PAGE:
With the release of the Mac Pro this week, and the 16-inch MacBook Pro last month, Apple’s deskbound MacOS machines have been pushing the price point higher and higher, with increased specs for professional users.
What about those at the lower end of the portfolio, looking for an alternative to a Windows 10 laptop, those who want to keep their mobile devices in the same ecosystem, those who have a long relationship with Apple’s MacOS computers but find the rising price is too high for them to upgrade? And how can Apple bring new users to the platform
In short, where is the entry level MacBook, the point where everyone can start their journey? Right now, there isn’t one.
The lowest priced MacBook in the current portfolio is the MacBook Air, with a starting price of $1099 for 8 GB of RAM and 128GB of SSD based storage. I’m pretty sure that a laptop with prices starting at over a grand would not be considered an entry-level laptop by many customers.
Why should Apple be looking at a lower price point for a MacBook? It’s worth taking into account the amount of effort that Apple is putting into cloud-based services and applications. Perhaps the answer to an entry-level MacBook would be to follow Google’s path with the Chromebook options, push everything into a new branch Apple’s walled garden with improved services to match the offering from Google, while keeping the option of local applications and processing power for intensive tasks.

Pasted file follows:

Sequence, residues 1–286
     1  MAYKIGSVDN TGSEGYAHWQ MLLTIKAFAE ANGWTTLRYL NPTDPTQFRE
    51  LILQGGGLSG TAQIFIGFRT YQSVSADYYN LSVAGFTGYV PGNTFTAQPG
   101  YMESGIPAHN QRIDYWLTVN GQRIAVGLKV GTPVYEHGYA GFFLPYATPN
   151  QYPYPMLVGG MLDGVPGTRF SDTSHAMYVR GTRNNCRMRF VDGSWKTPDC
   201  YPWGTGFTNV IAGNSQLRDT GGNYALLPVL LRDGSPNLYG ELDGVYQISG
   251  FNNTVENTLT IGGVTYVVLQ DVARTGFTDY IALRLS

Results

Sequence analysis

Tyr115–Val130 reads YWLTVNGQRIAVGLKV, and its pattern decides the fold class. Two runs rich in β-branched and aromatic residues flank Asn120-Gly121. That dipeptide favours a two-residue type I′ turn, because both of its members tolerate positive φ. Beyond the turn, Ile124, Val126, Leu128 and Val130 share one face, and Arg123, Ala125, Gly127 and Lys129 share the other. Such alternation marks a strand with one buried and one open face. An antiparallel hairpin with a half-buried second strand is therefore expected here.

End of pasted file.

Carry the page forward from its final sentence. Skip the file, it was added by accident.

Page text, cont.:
Arguably Apple has already something similar on the books. Take an iPad, add the Smart Keyboard Cover, and you have your equivalent of the Chromebook. The advantage of this solution is that Apple brings the consumers closer into Apple’s garden, with almost every transactions pushed through the App Store and the thirty percent rake, more opportunities to upsell users into Apple’s subscription-based services, and a good chance of locking them into Apple’s hardware eco system for the medium- to long-term.
Whether you consider a tablet and keyboard combo running the closed iPad OS a suitable replacement for a entry-level MacOS powered laptop is the big question.
I suspect Apple believes the answer is yes. Personally I’m in the no camp. While the iPad can hit some of the same functions as a laptop, the MacBook range is about delivering more power, more flexibility, and more customisation than the restricted options present in the iPad.
The MacBook family addresses and solves different problems than the iPad family. Not all of these problems are $1099 problems, but they are problems that countless consumers need addressed. By keeping the entry point to MacOS at such a high level, Apple is ignoring a significant market.
A software and services approach requires the widest possible user base. The wider the base you have, the more you can upsell. Apple needs a diverse product range that meets the needs of as many potential customers as possible. It doesn’t need to fight in the $199 Chromebook market, but Tim Cook and his team should consider the need for a competent laptop in the $799 to $999 range.